• 3. What are you most proud of in terms of career accomplishment?

I think what I am most proud of is running my own web studio.  It is bittersweet, as we had to close our doors after only 2 years.  While some clients were straight work-for -hire jobs, the work I am most proud of is where we partnered with a client to help visualize a dream online.  I experienced the most creativity of my career doing this type of work.

  • 4. We call this blog, Influences and Influencers, who are the people who have influenced you?  Have you ever had a mentor? Can you tell us about him or her?  Whose work or input has impacted you the most in your career and how?  

 

In some ways I think we are still playing catch-up to what Mainstreet was doing. I am constantly amazed that there is still no mainstream player who is gamifying shows like Top Chef. My iPhone has never asked me who I think will win the next quick-fire, nor has it rewarded me when I get it right.

 

 

I have had two mentors in my career.  The first was my boss at GTE MainStreet, Bob Regan.  He was the president of the studio, and took the time to mentor me even when I was just a production assistant.  He had a great capacity to realize a vision exploring creativity within the confines of what was possible.  I think he is the one who taught me that all production comes down to three things… budget, scope and time.  The other mentor was Tony Christopher.  He has hired me a number of times throughout my career.  He really showed me how to blend being humble and giving as a boss, while maintaining a level of authority needed in a good leader.

  • 5. What is the most surprising result you experienced in your career? For example, is there a product you intended for one demographic that turned out to be more appropriate for a completely different one?  Was there a product you thought was a sure winner that bombed?  What did you learn from this experience?

At GTE MainStreet, I pitched a Tarot Card Reading game for the network that I had envisioned as a kids’ game.  It was a very simple app, that only had a few hundred outcomes.  The aesthetic was modeled after those old wooden penny booths you would find at Coney Island.  I think we launched it in connection with a Halloween event.  To everyone’s surprise it became one of the top apps on the network, and was popular with adults not kids.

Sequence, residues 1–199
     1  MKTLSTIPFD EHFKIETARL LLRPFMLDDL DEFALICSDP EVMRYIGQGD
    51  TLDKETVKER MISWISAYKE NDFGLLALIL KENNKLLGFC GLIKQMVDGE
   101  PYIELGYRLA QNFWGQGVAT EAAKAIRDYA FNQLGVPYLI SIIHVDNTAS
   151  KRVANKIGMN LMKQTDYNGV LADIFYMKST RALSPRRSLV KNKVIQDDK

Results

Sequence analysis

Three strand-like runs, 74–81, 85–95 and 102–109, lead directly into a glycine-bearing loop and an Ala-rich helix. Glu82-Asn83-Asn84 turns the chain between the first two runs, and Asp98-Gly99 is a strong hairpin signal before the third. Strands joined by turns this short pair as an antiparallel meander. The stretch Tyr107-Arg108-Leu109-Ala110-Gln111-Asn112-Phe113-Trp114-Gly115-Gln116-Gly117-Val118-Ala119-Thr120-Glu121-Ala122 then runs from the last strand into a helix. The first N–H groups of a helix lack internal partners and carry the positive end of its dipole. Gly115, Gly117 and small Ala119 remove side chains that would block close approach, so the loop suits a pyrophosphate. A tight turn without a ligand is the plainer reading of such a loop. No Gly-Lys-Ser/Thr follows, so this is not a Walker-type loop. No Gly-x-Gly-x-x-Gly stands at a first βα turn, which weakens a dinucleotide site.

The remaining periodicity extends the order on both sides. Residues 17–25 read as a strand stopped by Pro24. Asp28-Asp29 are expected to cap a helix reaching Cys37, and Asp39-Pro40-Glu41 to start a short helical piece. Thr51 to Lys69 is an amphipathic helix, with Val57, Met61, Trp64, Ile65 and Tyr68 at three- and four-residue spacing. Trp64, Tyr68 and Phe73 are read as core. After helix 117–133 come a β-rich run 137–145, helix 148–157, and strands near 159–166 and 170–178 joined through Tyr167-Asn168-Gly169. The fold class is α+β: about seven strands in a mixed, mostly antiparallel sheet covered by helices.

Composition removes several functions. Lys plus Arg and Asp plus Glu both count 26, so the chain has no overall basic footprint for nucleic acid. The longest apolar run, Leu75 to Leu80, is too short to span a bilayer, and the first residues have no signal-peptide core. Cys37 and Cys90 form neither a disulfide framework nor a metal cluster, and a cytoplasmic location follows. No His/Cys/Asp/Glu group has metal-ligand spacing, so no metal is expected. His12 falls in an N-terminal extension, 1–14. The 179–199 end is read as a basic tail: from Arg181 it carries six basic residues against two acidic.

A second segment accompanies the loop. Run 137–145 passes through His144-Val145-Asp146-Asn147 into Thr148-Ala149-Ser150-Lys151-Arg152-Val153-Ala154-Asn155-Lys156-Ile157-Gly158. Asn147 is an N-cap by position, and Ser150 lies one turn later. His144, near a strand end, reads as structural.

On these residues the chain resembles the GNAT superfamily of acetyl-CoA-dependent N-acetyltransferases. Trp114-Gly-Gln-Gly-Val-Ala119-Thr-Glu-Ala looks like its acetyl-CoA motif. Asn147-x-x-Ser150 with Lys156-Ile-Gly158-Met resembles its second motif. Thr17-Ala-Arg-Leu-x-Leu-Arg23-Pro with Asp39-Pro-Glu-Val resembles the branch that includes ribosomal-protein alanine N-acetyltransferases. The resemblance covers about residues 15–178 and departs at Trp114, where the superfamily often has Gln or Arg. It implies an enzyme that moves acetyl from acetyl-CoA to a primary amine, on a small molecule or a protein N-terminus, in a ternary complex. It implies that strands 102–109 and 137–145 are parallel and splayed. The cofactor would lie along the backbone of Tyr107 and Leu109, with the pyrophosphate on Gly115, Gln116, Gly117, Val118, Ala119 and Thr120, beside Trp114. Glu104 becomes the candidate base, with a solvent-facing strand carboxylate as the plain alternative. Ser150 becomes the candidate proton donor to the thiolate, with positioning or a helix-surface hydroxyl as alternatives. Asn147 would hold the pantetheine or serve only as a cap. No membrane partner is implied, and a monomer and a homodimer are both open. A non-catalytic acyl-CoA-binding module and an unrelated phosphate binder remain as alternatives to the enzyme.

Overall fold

At CornerHardware.com we spent a lot of time and money developing a very robust set of community features.  We were all convinced that these tools were so great, our users would not be able to help from using them to share ideas, reviews, etc.  To my great disappointment, we had unbelievably low engagement with any of the features.  Ever since I have been a huge proponent of fast development with frequent iterations… Get something up… If it works iterate on it.

  • 6. What product or service have you seen lately that really excites you?

Kickstarter.  I think this is one of the coolest things happening.  While sharing economy is interesting and certainly Uber is exciting, these are all disruptions of existing models.  I think Kickstarter is completely new, and extremely exciting.

On a just pure fun app front, I think these guys are doing some very cool things: https://www.canva.com/

  • 7.  What are you working on now?

Re-designing and re-architecting my companies’ consumer experiences for desktop web, mobile web, and app.

  • 8. What advice would you give an aspiring interactive producer or media executive?  If someone wanted to get into this field, how would you advise them to start?

Internship.  I think there is nothing better than actually working at a company.  If you can’t find a real internship program, call up a small web agency and volunteer yourself.

  • 9. What is the biggest risk you have taken in your career?  Did it pay off.  How and why or why not?

I have quit two very solid jobs to join startups. While it is harder to justify these risks now that I have a family, there is something about the energy and excitement of a start-up that I find almost irresistible.

  • 10. What is the biggest risk you have taken in your career?  Did it pay off.  How and why or why not?

Same, but I would have taken programming courses.